“What will happen to bookshelves?”, bibliophiles lamented with the ascent of the e-book, mourning the loss of the feel of paper pages between their fingers and the smell of rich mahogany encasing their many leather-bound books. Now, physicians may be wondering the same thing about stethoscopes. As ultrasound machines become smaller, cheaper and more portable, a recent BMJ article notes, some doctors propose that point-of-care scans may replace the stethoscope as “the symbol of the profession.”
In a BMJ blog post responding to the original article, Rhy Davies, a medical student at Imperial College London, writes an “Ode to a stethoscope” summarizing the history of the instrument, its medical pros and cons and the meanings it embodies. He writes:
And can you boldly stride into the hospital canteen with an ultrasound device the way you can with a stethoscope? Slung around the neck, it declares to the world that, yes, everything will be fine now that the medical student is here. (Actually, that’s infuriating. Can we all agree to stop doing that?)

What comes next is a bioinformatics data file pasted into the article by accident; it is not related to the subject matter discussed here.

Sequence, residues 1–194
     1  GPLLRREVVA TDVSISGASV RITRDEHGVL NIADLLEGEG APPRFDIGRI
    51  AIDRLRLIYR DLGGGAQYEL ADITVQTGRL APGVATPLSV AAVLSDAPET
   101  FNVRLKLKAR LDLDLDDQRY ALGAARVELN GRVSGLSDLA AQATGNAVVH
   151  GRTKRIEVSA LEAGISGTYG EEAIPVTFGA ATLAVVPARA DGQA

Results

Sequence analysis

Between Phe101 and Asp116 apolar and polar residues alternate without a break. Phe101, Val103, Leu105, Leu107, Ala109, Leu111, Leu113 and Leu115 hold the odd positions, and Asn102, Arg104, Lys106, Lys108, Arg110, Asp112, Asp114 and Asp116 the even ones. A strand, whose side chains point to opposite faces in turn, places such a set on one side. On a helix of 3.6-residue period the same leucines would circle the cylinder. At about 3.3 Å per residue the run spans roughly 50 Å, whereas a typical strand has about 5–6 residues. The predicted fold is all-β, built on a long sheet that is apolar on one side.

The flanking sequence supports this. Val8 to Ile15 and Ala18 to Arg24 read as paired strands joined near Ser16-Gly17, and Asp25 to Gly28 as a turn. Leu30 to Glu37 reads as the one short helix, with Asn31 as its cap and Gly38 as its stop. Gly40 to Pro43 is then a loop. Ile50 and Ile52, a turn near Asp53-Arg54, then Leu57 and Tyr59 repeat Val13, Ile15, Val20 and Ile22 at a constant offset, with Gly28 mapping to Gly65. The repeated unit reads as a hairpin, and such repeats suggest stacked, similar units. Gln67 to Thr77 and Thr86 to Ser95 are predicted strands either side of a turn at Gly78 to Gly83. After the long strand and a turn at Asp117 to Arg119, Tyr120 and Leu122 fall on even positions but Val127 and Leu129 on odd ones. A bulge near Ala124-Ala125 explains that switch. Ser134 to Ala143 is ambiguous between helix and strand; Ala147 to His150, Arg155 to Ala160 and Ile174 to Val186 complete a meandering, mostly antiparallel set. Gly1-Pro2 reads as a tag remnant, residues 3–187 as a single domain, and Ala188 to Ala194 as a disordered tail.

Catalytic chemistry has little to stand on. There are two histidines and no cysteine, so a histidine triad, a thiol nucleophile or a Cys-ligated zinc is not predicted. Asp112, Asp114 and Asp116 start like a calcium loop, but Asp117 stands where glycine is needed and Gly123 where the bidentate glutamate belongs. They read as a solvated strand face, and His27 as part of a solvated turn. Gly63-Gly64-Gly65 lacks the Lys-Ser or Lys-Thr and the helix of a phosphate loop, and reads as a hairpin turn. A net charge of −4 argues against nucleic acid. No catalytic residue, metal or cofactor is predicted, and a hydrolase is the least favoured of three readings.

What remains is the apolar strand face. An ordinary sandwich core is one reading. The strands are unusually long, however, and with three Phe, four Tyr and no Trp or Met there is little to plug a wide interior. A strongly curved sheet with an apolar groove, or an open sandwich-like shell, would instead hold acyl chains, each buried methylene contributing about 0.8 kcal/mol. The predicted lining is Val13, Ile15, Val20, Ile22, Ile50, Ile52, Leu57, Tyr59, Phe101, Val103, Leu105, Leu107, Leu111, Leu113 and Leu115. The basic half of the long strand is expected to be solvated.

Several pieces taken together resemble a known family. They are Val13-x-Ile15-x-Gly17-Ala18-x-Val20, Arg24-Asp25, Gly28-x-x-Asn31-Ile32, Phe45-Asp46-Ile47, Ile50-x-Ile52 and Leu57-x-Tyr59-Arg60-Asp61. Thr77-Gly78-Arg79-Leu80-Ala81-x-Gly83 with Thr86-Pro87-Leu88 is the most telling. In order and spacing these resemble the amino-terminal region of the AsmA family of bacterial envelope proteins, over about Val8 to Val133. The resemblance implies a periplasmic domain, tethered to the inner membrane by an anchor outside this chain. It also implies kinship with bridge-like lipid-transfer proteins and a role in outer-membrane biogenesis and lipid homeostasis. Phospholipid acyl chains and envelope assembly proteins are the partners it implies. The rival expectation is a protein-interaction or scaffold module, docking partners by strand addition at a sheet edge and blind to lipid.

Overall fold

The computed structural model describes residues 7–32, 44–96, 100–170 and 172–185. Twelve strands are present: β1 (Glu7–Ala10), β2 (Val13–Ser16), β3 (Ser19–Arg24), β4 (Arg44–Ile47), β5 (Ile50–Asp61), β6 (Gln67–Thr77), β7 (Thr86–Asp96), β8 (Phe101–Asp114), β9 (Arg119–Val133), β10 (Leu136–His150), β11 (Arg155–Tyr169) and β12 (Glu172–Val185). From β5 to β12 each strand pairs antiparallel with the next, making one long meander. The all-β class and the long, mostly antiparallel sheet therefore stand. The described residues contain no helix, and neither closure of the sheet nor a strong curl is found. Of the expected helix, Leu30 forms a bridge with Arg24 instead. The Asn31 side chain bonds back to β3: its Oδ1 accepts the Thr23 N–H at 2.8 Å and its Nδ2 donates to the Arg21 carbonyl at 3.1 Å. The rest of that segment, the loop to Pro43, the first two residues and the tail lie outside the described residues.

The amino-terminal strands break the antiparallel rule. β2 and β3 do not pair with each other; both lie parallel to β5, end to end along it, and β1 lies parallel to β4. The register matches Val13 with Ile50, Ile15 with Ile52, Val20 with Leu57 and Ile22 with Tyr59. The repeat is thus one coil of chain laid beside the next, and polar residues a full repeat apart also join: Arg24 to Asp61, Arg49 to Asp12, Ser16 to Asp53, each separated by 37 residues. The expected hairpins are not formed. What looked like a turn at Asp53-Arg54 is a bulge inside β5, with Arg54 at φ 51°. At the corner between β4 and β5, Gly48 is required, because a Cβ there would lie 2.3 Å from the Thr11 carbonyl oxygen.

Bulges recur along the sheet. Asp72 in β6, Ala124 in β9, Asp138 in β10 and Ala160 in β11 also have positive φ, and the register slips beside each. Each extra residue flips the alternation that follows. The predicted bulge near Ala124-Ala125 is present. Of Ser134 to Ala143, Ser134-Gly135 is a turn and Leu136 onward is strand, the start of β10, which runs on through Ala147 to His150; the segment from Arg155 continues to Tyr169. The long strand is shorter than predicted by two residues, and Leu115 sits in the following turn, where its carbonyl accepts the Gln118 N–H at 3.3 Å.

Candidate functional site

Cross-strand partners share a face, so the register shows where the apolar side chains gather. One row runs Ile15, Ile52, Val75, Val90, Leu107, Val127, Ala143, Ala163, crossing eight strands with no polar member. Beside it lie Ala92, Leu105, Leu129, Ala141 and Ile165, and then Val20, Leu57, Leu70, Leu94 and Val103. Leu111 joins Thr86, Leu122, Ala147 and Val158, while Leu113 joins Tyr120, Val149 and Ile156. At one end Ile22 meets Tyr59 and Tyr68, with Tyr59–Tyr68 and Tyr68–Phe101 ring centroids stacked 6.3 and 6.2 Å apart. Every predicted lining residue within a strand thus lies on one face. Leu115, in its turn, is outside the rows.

Lastly, what of one of the greatest uses of the stethoscope? In a hectic emergency room or a busy GP surgery, when the earbuds go in and the diaphragm is laid meaningfully on the chest, the stethoscope ferries the doctor or student to that quiet mental space…..what will become of that little space where the doctor or student can synthesise, diagnose, and reflect? Will the next generation of ultrasounds have an app for that?
Previously: Med school friendships from classroom to clinics, The OMG Factor: Curbing your enthusiasm during clinical rotations and Students design special stethoscope for use in space, noisy places
Photo by PhotosNormandie